Martha Wells

Martha Wells (born September 1, 1964)[1] is an American writer of speculative fiction. She has published a number of fantasy novels, young adult novels, media tie-ins, short stories, and nonfiction essays on fantasy and science fiction subjects. Her novels have been translated into twelve languages.[2] Wells has won a Nebula Award, two Locus Awards, and two Hugo Awards.

Martha Wells
Image of Wells at the 2018 Texas book Festival
Wells at the 2018 Texas Book Festival
Born (1964-09-01) September 1, 1964 (age 56)
Fort Worth, Texas, U.S.
OccupationWriter
NationalityAmerican
Alma materTexas A&M University
Period1993–present
GenreFantasy, science fiction
Website
marthawells.com

LifeEdit

Martha Wells was born in Fort Worth, Texas, and has a B.A. in Anthropology from Texas A&M University.[1] She lives in College Station, Texas, with her husband. She was involved in SF/F fandom in college and was chairman of AggieCon 17.[3]

CareerEdit

As an aspiring writer Wells attended many local writing workshops and conventions, including the Turkey City Writer's Workshop taught by Bruce Sterling.[4] She has also taught writing workshops at ArmadilloCon, WorldCon, ApolloCon, Writespace Houston,[5] and was the Special Workshop Guest at FenCon in 2018.[6]

Wells was toastmaster of the World Fantasy Convention in 2017,[7] where she delivered a speech called "Unbury the Future"[8] about marginalized creators in the history of science fiction and fantasy, movies, and other media and the deliberate suppression of the existence of those creators. The speech was well-received and generated a great deal of discussion.[9]

During 2018, Wells was the leader of the story team and lead writer for the new Dominaria expansion of the card game Magic: the Gathering.[10] In May 2018, her Murderbot Diaries novella All Systems Red was number 8 on The New York Times Bestseller List for Audio.[11] All Systems Red won the 2017 Nebula Award for Best Novella,[12] the 2018 Hugo Award for Best Novella,[13] the 2018 Locus Award for Best Novella,[14] and the American Library Association's Alex Award,[15] and was nominated for the 2017 Philip K. Dick Award.[16] It was followed by the sequel novellas Artificial Condition (2018), Rogue Protocol (2018), and Exit Strategy (2018);[17] a short story, "Compulsory" (2018);[18] and a full novel sequel, Network Effect (2020), which made The New York Times Bestseller List for Novel[19]

WorkEdit

Wells is known for the complex, realistically detailed societies she creates; this is often credited to her academic background in anthropology.[20][21] Her first published novel, The Element of Fire (1993), was a finalist for that year's Compton Crook Award, and a runner-up for the 1994 William Crawford Award. Her second novel, City of Bones (1995) received a starred review from Publishers Weekly and a black diamond review from Kirkus Reviews, and was on the 1995 Locus Recommended Reading List for fantasy. Her third novel, The Death of the Necromancer (1998), was nominated for a Nebula Award.[22] The Element of Fire and The Death of the Necromancer are stand-alone novels which take place in the country of Ile-Rien, which is also the setting for the Fall of Ile-Rien trilogy: The Wizard Hunters (2003), The Ships of Air (2004), and The Gate of Gods (2005). Her fourth novel was a stand-alone fantasy, Wheel of the Infinite. In 2006, she released a revised edition of The Element of Fire.[23]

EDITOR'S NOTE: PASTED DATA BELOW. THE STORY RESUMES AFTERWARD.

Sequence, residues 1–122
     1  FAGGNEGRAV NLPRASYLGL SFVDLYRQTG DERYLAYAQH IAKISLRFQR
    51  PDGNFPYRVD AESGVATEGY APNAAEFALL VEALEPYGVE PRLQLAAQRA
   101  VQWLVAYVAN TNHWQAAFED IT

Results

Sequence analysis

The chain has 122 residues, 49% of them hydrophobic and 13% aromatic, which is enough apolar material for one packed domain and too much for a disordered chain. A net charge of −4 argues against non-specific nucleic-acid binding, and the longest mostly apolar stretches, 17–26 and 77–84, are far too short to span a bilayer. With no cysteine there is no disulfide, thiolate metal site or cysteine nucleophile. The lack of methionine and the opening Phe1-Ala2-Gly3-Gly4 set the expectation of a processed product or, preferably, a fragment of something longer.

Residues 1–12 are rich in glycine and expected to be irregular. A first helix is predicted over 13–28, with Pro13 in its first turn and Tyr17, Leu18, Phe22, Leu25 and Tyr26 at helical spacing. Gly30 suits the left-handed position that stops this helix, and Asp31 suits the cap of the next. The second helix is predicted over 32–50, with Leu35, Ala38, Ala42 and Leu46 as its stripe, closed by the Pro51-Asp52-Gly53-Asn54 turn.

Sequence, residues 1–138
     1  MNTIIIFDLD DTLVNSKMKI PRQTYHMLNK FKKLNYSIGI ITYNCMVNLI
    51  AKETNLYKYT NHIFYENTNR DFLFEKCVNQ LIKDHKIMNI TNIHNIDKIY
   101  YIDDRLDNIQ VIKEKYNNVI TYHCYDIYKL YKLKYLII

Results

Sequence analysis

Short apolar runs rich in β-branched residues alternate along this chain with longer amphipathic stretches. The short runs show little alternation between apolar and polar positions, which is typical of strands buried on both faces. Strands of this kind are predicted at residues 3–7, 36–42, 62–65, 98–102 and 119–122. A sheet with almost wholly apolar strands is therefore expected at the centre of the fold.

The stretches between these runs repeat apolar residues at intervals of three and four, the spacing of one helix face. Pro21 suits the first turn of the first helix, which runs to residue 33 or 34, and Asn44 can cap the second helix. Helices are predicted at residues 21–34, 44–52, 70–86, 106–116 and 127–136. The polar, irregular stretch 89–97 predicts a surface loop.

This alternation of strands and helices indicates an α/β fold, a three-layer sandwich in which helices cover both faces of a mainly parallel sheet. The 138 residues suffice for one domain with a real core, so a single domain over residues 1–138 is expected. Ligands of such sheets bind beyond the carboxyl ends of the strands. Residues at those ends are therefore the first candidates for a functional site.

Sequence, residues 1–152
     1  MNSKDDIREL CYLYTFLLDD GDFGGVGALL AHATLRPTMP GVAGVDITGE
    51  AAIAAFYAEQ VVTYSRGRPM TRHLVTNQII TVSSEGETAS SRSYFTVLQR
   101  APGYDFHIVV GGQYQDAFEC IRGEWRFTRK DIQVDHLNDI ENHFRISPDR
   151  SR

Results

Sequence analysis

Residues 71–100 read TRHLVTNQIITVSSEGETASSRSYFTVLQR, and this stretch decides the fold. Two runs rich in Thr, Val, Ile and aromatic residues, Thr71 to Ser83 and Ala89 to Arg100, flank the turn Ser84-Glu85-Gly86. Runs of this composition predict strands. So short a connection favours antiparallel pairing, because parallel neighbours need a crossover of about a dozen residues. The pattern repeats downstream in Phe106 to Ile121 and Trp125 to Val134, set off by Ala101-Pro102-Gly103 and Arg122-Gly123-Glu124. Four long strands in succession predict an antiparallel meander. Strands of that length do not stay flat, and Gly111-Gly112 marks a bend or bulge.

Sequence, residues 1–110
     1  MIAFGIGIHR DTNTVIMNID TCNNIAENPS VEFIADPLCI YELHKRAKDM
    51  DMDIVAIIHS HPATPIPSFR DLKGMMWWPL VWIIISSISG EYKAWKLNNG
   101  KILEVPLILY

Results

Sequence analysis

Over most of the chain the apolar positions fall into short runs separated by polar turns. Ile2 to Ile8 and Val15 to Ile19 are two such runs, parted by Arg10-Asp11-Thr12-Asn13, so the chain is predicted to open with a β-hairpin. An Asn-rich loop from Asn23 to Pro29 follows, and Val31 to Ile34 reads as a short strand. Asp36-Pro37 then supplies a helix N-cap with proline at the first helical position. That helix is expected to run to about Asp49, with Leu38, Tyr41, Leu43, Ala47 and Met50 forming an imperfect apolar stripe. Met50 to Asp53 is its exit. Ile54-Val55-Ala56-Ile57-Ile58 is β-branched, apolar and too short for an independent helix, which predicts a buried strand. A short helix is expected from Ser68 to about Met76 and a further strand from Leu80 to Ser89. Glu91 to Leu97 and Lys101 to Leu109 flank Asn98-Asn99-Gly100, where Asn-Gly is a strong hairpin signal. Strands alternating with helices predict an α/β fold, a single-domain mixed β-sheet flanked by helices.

Her fantasy short stories include "The Potter's Daughter" in the anthology Elemental (2006), which was selected to appear in The Year's Best Fantasy #7 (2007).[24] This story features one of the main characters from The Element of Fire. Three prequel short stories to the Fall of Ile-Rien trilogy were published in Black Gate Magazine in 2007[25][26] and 2008.[27]

Wells' longest-running fantasy series is The Books of the Raksura which included five novels and two short fiction collections published by Night Shade Books: The Cloud Roads (2011), The Serpent Sea (2012), The Siren Depths (2012), Stories of the Raksura Vol 1: The Falling World & The Tale of Indigo and Cloud (2014), Stories of the Raksura Vol 2: The Dead City & The Dark Earth Below (2015), The Edge of Worlds (2016), and The Harbors of the Sun (2017). The series was nominated for the Hugo Award for Best Series in 2018[28] and The Edge of Worlds was reviewed in The New York Times.[29]

Wells has written two young adult fantasy novels, Emilie and the Hollow World and Emilie and the Sky World published by Angry Robot/Strange Chemistry in 2013 and 2014.[30]